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Curriculum - 7th Grade Standards - Kansas History Standards - 1860s to 1870s (Benchmark 3) - Fed. Gov. and Indian lands (Indicator 1) - Comanche

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Council at Medicine Lodge Creek

Council at Medicine Lodge Creek
Creator: Howland, J.
Date: November 16, 1867
This drawing by J. Howland, originally printed in Harper's Weekly, depicts the council between representatives of the U.S. government and the Kiowa and Comanche tribes at Medicine Creek Lodge, Kansas, in 1867. At this council the Kiowa, Comanche, Plains Apache, Cheyenne and Arapaho tribes signed three successive treaties with the United States government, collectively known as the Medicine Lodge treaty.


Indian treaties.  Peace agreed upon with the Comanches and Kiowas

Indian treaties. Peace agreed upon with the Comanches and Kiowas
Creator: New York Times Company
Date: October 25, 1867
This brief article published n the New York Times describes the treaty signed by the Comanche and Kiowa tribes at Medicine Lodge Creek, Barber County, Kansas, in 1867. According to the terms of the treaty, these tribes would relocate to Indian Territory (present-day Oklahoma) and in return they would receive provisions and annual annuity payments of $2500. The article also mentions that the treaties with other tribes, including the Cheyenne, Apache, and Arapaho, will be concluded shortly.


Letters of Safeguard for To-sa-wi from the Confederate States of America

Letters of Safeguard for To-sa-wi from the Confederate States of America
Creator: Pike, Albert
Date: August 15, 1861
This letter of safeguard was presented to To-sa-wi, a chief of the Comanche Indians, by Albert Pike, Indian Commissioner of the Confederate States of America. The document ensures that To-sa-wi will have safe passage, without molestation, and that he is guaranteed the protection of the Confederate States.


Philip Henry Sheridan to Governor Samuel Johnson Crawford

Philip Henry Sheridan to Governor Samuel Johnson Crawford
Creator: Sheridan, Philip Henry, 1831-1888
Date: October 8, 1868
General Philip Henry Sheridan, a veteran of the Civil War, wrote this telegram to the Governor of Kansas to inform him of the current state of affairs in western Kansas. General William B. Hazen had informed Sheridan that their efforts to secure peace with the Kiowa and Comanche tribes was unsuccessful, and that Crawford should muster a cavalry regiment to assist in the military's efforts to place these tribes on reservations. This regiment was the 19th Kansas Cavalry, consisting of five companies.


The Peace Commission. Indian talks

The Peace Commission. Indian talks
Creator: Daily Missouri Democrat (St. Louis)
Date: October 23, 1867
This article, written by a special correspondent for the Daily Missouri Democrat, describes the meeting of U. S. commissioners and Indian chiefs at Medicine Lodge Creek in 1867. The article includes a transcription of the proceedings. Before the council meeting began, Commissioner Taylor distributed gifts to the tribes who were represented, and all the U. S. delegates expressed their desire for peace. Some of the Indian delegates, particularly Chief Black Kettle of the Cheyenne, doubted the intentions of the federal government. The article also states that the commissioners looked into the causes of the war, attributing some blame to the massacre at Sand Creek in 1864.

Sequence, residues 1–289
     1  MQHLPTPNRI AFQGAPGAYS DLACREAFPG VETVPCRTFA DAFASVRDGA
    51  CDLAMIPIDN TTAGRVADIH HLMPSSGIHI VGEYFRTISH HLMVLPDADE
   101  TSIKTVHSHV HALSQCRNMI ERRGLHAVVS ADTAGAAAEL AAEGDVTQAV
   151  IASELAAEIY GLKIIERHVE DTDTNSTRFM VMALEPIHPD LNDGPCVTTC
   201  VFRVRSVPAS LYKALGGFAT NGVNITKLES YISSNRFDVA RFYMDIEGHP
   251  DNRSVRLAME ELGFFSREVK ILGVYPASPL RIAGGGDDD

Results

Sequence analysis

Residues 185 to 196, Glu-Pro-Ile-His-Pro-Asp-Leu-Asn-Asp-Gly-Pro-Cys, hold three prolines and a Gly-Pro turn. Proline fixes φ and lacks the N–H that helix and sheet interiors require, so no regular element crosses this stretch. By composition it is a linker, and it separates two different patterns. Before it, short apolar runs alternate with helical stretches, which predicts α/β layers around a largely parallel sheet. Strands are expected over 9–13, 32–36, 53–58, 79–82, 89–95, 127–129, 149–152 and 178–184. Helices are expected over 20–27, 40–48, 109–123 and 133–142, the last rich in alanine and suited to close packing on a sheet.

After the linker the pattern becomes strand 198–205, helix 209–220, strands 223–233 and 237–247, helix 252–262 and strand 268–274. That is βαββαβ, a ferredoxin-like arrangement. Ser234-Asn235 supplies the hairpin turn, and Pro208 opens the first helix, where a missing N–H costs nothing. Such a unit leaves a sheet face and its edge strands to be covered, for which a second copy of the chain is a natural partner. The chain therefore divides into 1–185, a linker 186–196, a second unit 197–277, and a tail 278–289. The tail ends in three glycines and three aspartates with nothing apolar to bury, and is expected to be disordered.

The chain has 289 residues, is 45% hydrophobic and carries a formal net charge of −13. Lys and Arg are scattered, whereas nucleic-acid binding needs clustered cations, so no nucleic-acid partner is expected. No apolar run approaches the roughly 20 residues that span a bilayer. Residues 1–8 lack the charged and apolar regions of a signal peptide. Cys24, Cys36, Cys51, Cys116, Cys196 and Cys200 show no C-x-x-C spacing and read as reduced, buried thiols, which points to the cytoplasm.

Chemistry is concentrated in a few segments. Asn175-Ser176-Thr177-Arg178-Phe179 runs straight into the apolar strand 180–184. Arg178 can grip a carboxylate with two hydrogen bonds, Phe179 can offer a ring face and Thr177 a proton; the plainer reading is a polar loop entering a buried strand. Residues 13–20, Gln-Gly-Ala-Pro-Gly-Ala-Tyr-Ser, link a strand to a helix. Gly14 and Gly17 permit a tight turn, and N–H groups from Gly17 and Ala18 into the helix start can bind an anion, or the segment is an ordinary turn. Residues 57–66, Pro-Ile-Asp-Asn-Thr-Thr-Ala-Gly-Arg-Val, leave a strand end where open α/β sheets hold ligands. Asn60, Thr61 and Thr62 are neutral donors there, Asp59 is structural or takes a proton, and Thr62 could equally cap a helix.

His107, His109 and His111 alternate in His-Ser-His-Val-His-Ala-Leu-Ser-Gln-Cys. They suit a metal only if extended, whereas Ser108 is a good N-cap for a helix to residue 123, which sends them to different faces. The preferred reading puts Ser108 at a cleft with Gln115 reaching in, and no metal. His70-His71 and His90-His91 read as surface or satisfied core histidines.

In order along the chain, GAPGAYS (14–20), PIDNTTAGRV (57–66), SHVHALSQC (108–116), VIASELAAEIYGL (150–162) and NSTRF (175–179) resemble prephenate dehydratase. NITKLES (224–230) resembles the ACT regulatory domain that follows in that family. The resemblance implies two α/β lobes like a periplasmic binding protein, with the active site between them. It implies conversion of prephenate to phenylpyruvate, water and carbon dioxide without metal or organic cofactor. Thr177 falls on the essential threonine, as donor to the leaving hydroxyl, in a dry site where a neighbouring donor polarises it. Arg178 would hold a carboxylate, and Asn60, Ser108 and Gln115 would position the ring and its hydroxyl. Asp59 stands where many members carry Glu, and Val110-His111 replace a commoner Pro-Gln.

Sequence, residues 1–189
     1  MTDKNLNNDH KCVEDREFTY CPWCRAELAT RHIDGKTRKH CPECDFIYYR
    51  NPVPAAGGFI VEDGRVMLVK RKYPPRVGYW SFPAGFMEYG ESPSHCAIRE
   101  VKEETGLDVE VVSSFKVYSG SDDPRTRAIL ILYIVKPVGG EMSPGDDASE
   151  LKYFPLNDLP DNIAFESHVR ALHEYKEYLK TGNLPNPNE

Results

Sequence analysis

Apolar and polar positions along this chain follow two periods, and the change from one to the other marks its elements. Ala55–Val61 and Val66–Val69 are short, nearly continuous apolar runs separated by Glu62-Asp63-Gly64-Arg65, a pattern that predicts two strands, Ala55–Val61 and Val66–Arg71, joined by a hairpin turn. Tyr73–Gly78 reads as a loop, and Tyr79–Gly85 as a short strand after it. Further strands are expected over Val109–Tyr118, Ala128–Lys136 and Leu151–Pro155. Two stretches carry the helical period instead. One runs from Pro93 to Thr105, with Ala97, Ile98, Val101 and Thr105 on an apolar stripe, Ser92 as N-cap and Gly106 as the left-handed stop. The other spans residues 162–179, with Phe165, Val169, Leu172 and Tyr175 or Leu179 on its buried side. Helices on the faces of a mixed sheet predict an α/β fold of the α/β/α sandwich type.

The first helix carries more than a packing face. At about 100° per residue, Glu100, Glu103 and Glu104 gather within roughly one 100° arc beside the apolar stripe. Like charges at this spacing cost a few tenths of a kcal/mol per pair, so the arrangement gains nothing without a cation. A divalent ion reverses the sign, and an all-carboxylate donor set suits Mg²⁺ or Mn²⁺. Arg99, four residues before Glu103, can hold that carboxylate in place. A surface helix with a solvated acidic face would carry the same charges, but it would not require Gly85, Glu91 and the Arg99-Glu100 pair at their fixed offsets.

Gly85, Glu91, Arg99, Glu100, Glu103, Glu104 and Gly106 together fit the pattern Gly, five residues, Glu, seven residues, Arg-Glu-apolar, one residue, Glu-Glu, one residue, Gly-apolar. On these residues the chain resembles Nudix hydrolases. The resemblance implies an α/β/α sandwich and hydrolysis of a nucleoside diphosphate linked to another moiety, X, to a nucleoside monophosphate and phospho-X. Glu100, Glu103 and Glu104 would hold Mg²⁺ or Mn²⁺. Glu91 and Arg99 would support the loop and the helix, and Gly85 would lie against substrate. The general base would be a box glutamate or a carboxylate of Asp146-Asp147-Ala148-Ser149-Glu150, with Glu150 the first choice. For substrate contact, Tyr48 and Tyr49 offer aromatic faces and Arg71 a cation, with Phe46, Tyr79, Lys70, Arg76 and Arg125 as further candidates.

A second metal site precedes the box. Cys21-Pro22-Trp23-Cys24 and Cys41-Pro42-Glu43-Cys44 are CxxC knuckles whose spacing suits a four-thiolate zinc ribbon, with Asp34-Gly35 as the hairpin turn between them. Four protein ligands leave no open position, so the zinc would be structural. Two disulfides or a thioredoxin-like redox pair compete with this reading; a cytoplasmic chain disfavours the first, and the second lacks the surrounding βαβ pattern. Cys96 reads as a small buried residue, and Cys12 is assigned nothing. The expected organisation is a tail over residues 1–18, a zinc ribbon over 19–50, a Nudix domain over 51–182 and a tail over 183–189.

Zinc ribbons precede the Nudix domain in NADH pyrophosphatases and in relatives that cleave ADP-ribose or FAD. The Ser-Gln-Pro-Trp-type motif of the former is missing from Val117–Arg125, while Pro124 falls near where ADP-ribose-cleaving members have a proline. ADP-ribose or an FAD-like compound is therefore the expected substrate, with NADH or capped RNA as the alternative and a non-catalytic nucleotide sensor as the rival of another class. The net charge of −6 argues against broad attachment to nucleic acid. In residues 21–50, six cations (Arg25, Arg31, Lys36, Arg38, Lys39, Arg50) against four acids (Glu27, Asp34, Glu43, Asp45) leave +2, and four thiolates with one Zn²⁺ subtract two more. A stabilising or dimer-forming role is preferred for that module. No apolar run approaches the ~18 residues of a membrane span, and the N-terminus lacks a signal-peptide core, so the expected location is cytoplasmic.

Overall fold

The Peace Commission. Second session of the Grand Council

The Peace Commission. Second session of the Grand Council
Creator: Daily Missouri Democrat (St. Louis)
Date: October 28, 1867
This article, part of a series of articles published in the Daily Missouri Democrat, discusses the second session of the grand council between the U. S. government and representatives from the Arapaho, Apache, Comanche, and Kiowa tribes. The article also includes transcriptions of key speeches by Senator Henderson and Satanta, a Kiowa chief, in addition to brief comments by other representatives from both sides. A treaty between the Kiowa, Comanche, and United States was signed at the end of this meeting on October 21, 1867.


The grand council

The grand council
Creator: Daily Missouri Democrat (St. Louis)
Date: October 25, 1867
This article, a continuation of the article published in the October 23, 1867, issue of the Democrat, discusses the grand council between the U. S. government and representatives from the Cheyenne, Arapaho, Apache, Comanche, and Kiowa Indian tribes. The article also includes transcriptions of the speeches by Senator Henderson and Satanta, a Kiowa chief, in addition to brief comments by other white and Indian representatives.


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